Friday, 1 December 2006

Mollie Gowing, after appearing on ABC's 7.30 News last night, has captured the imagination of the print media today. Appearing on page five in both The Sydney Morning Herald (Steve Meacham's 'Portrait of an art lover as a superstar benefactor') and The Australian (Rosalie Higson's 'Mollie's Aboriginal gifts speak volumes' -- no link available) Mollie stole the limelight. At least, at the end of the hard news section.

I covered the story yesterday.

I thought The Sydney Morning Herald had the better page five today. As well as Mollie's story, there was an update on the case of the "four gang-rapist brothers" whose names have been withheld — MSK, MAK, MRK and MMK. Victim Tegan Wagner (she was 14 at the time of the assault) has been at court every day, it seems, and her picture appears with the story. But their anonymity could be reversed, the paper says:

Court orders prevent naming them because two were juveniles, but the Herald is appealing against this and a ruling is expected today.

It'll be interesting to see what happens if they are named. I hope they will be. The four men have maliciously tied up the case over many years with multiple appeals.

Other page five news in the Herald today was the story of the blonde Canadian woman — Melissa Hawach — who is trying to regain custody of her children after her estranged husband, who is of Lebanese extraction, fled with them to Lebanon.

Asked what she wanted to say to her children, she said: "I'm just going to let them know that I love them. I'm keeping a scrapbook ... and it's going to show them how hard we worked to bring them home."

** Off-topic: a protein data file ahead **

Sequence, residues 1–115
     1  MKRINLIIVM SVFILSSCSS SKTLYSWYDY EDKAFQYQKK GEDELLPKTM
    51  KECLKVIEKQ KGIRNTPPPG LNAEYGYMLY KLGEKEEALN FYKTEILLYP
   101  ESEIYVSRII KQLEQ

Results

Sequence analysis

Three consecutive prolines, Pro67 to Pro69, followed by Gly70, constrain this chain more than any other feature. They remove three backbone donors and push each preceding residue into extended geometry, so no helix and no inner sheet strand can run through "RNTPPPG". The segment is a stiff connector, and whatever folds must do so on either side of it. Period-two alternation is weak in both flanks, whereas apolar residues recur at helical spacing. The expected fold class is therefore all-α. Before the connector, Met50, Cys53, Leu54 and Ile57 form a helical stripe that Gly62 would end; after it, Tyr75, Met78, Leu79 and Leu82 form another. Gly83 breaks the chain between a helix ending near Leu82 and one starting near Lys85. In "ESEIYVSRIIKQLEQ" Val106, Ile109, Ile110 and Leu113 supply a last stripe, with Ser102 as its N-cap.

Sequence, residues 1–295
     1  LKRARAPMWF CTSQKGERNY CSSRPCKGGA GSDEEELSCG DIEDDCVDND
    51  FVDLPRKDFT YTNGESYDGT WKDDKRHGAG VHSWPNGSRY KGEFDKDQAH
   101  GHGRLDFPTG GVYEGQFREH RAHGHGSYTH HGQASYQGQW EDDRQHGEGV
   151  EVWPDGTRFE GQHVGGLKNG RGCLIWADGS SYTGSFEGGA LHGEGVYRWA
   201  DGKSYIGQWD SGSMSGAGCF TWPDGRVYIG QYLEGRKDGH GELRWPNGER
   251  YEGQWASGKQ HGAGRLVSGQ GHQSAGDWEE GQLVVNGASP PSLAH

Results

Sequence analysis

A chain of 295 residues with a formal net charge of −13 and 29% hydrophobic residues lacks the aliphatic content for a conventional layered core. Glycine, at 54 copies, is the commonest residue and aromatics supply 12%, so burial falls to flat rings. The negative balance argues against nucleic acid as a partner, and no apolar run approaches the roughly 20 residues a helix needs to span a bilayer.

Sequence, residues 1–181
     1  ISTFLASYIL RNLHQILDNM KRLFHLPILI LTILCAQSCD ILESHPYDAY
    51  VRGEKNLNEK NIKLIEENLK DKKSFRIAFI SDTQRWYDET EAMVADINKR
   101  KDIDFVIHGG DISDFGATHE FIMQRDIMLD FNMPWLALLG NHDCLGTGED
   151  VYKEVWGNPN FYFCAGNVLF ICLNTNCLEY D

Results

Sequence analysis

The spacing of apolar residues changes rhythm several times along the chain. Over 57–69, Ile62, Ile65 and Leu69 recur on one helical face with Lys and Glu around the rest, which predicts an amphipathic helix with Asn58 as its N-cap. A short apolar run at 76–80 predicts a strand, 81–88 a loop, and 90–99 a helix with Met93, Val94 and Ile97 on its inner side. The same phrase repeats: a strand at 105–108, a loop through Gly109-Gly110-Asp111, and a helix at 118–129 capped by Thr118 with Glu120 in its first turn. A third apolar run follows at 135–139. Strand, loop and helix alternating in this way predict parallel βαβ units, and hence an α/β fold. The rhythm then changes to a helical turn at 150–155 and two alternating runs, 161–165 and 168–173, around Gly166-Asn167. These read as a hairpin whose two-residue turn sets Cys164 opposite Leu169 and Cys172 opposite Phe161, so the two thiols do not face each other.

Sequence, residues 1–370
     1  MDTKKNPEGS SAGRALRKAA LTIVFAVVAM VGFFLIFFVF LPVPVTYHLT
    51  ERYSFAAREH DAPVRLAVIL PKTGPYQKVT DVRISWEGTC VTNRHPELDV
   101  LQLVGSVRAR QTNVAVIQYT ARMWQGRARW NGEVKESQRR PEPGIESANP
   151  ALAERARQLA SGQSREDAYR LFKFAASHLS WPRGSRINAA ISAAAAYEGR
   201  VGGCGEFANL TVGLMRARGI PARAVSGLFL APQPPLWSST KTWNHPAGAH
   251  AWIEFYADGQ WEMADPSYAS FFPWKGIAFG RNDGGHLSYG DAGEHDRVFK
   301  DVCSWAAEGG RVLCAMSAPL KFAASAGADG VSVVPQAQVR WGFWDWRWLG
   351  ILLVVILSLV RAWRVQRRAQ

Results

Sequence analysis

The poor children must be devastated by this. How they will hate their father when they grow up!

Another good story on page five of the Herald today was the effort that universities are making to be able to set their own fees. Government intervention is forcing universities to rely on 'cash-cow' faculties, such as economics and business, in order to cross-subsidise degrees that cannot support themselves under the fee regime the Commonwealth government has instituted. The government is now asking universities to specialise. But, given the current funding situation, it's very difficult for any of them to relinquish their richer faculties.

And finally there's the story of how it will be possible, in future, to make designer apples. Scientists have discovered a gene in apples that controls the reddening of the skin, called the "boss gene". It controls the "worker genes" that make compounds called anthocyanins. The more of this compound that is produced, the redder the apple, according to CSIRO staffer Mandy Walker.

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